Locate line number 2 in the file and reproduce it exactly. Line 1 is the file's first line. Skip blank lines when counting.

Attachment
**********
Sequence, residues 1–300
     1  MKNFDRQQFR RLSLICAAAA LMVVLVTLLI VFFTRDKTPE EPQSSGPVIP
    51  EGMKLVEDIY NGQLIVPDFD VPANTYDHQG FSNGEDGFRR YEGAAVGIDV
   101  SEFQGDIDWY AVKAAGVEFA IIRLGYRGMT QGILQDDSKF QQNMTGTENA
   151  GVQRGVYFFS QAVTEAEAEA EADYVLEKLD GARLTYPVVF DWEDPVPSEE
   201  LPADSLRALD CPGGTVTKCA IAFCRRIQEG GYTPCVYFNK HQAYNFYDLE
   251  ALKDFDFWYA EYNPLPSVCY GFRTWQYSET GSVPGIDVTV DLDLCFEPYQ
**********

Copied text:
     1  MKNFDRQQFR RLSLICAAAA LMVVLVTLLI VFFTRDKTPE EPQSSGPVIP